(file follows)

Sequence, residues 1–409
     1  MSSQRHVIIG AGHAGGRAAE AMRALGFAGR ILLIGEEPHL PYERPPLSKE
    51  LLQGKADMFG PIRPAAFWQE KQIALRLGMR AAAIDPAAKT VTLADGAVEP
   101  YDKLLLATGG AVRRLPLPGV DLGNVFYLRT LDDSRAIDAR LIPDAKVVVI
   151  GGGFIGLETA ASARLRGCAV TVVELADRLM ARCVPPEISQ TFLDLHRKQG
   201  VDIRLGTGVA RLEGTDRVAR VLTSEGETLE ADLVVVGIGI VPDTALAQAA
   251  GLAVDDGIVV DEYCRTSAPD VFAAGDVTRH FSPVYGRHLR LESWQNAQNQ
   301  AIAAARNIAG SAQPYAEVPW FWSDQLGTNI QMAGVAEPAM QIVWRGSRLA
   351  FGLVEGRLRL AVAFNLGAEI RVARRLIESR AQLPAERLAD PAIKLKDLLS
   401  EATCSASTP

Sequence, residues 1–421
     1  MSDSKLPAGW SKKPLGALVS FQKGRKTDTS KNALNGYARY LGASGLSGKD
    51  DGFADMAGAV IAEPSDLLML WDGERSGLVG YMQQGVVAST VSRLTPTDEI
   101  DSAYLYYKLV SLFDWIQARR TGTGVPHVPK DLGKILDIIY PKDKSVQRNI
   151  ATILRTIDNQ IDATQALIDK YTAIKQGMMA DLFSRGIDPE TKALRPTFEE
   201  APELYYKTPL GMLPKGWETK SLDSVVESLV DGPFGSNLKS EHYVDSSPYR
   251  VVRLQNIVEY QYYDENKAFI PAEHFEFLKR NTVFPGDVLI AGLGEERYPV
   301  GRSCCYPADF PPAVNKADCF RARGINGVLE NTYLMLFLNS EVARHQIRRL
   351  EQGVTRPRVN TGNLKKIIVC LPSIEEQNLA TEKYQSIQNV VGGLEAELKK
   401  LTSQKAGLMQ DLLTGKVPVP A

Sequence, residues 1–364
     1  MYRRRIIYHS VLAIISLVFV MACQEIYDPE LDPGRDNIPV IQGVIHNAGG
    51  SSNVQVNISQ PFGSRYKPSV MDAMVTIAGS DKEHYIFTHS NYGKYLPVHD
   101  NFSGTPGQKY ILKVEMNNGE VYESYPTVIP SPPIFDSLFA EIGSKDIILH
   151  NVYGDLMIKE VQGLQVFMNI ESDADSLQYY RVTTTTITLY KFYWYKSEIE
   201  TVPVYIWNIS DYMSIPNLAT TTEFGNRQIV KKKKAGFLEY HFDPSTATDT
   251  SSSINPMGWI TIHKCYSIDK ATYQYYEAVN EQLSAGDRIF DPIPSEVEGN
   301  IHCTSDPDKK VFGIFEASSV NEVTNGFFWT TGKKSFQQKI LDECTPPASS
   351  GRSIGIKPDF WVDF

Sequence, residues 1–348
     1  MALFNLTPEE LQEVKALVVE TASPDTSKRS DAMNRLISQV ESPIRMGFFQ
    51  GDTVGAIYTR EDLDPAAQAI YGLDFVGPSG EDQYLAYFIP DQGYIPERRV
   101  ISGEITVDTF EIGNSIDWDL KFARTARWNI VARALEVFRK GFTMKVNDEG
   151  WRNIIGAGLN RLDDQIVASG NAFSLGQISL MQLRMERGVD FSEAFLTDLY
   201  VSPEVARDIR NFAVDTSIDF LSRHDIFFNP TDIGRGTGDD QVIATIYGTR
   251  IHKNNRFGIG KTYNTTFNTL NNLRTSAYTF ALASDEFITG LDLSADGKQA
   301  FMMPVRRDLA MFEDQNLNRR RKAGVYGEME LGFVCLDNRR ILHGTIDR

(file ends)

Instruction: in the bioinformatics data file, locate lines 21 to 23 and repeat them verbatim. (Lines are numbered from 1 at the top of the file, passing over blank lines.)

Sequence, residues 1–364
     1  MYRRRIIYHS VLAIISLVFV MACQEIYDPE LDPGRDNIPV IQGVIHNAGG
    51  SSNVQVNISQ PFGSRYKPSV MDAMVTIAGS DKEHYIFTHS NYGKYLPVHD